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MCGUIRE v. CITY OF CHICAGO

United States District Court, Northern District of Illinois, E.D


September 7, 1984

JOHN MCGUIRE, PLAINTIFF,
v.
CITY OF CHICAGO, AN ILLINOIS MUNICIPAL CORPORATION, AND LESTER DICKENSON, COMMISSIONER OF THE DEPARTMENT OF STREETS AND SANITATION, DEFENDANTS.

The opinion of the court was delivered by: Bua, District Judge.

ORDER

In the case at bar, plaintiff John McGuire challenges his discharge from employment with the City of Chicago under the 1972 consent decree in Shakman v. Democratic Organization of Cook County, No. 69 C 2145, reprinted in Shakman v. Democratic Organization of Cook County, 481 F. Supp. 1315, 1356 app. (N.D.Ill. 1979). Necessarily incident thereto, McGuire challenges the classification of his position as exempt from the constraints of the Shakman decree. See Shakman v. Democratic Organization of Cook County, 569 F. Supp. 177, 202 (N.D.Ill. 1983).

Before the Court is the motion of the defendants for judgment on the pleadings or in the alternative, for summary judgment. For the reasons stated herein, the motion for summary judgment is granted.

From January 1, 1973 until September 22, 1983, McGuire served in the capacity of Deputy Commissioner of Streets and Sanitation. From January, 1982 until May or June of 1983, McGuire, by his own admission, had no responsibilities or duties charged to him. According to McGuire, this was because John Donovan, then the Commissioner of the Department of Streets and Sanitation, was an active supporter of Jane Byrne, who at the time was Mayor of the City of Chicago, while McGuire supported her political foe, State's Attorney Richard M. Daley, who himself was a mayoral candidate.

In mid-1983, following the election of Harold Washington as Mayor, Lester Dickenson was installed as Acting Commissioner of the Department. McGuire spoke with Dickenson about the former's situation and was informed that the new Commissioner would see what kinds of duties could be given McGuire. According to the deposition of McGuire, however, at no time did Dickenson assign McGuire any duties.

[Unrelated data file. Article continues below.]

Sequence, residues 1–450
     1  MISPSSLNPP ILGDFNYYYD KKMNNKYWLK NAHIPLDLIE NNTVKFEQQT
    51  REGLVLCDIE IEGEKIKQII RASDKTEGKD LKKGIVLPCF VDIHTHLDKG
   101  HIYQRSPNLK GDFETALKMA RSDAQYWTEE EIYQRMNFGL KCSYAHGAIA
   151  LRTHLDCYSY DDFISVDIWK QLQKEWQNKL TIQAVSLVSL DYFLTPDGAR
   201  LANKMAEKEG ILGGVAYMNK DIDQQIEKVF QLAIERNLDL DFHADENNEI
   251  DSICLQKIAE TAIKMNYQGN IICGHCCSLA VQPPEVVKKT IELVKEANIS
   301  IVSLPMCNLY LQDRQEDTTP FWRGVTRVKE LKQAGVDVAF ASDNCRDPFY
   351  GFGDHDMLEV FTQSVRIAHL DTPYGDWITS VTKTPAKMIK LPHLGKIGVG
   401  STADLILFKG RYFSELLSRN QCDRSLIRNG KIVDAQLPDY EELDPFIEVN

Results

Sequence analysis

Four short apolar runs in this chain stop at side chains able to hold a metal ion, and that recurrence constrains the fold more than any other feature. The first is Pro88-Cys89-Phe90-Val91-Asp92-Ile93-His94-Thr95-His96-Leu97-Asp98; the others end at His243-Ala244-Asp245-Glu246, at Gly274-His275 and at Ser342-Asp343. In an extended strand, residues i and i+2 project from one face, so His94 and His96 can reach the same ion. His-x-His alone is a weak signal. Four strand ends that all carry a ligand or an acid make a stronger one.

On September 29, 1983, McGuire was terminated from his position. According to Dickenson, and by McGuire's own admission, the termination was necessitated because there was no work for McGuire to do.

DISCUSSION

As this Court has noted, "It is well settled that an individual may be terminated from employment for a valid reason, even if an invalid reason exists . . . so long as the invalid reason is not the motivating factor behind the discharge." Gurgone v. City of Chicago, 587 F. Supp. 1347, at 1353, citing Mount Healthy City School District Board of Education v. Doyle, 429 U.S. 274, 97 S.Ct. 568, 50 L.Ed.2d 471 (1977), and Nekolny v. Painter, 653 F.2d 1164 (7th Cir. 1981). Thus, an individual whose position is admittedly unnecessary and extraneous may not challenge his termination in a Shakman suit. Gurgone, supra. However, if the placement of the individual in the expendable position was a politically motivated pretext for the firing of such individual, such placement or withdrawal of duties would be actionable. Id.

The Court must therefore consider the instant claim as arising not from plaintiff's ultimate termination but from his having all duties revoked from him. This occurred in January, 1982, some 21 months before the filing of the instant suit. In the interim, despite the fact that he was aware that the City could not impact an employee's status based on political considerations and that he could have consulted an attorney on the matter, save for the one conversation with Dickenson noted above, McGuire did little if anything to regain meaningful duties, apparently content to draw a salary of $47,472 per year in return for his performing no meaningful duties whatsoever.

In light of the above factual situation, it is the opinion of this Court that the plaintiff's claim is barred by the doctrine of laches which, in the case of government employment, requires the prompt assertion of rights so that government service is disturbed as little as possible. United States ex rel. Arant v. Lane, 249 U.S. 367, 39 S.Ct. 293, 63 L.Ed. 650 (1919); Bown v. United States, 418 F.2d 442, 444 (5th Cir. 1970); Gurgone, supra. In this Circuit, plaintiff bears the burden of explaining his delay in bringing suit. Lingenfelter v. Keystone Consolidated Industries, Inc., 691 F.2d 339, 340 (7th Cir. 1982). In the case at bar, despite the fact that he allegedly knew why he had had his duties revoked and that he could seek recourse in this Court, plaintiff has wholly failed to explain why it took 21 months for him to pursue his rights. Such delay is inexcusable.

CONCLUSION

For the reasons stated herein, defendants' motion for summary judgment is granted. The motion for judgment on the pleadings is denied.

IT IS SO ORDERED.

19840907

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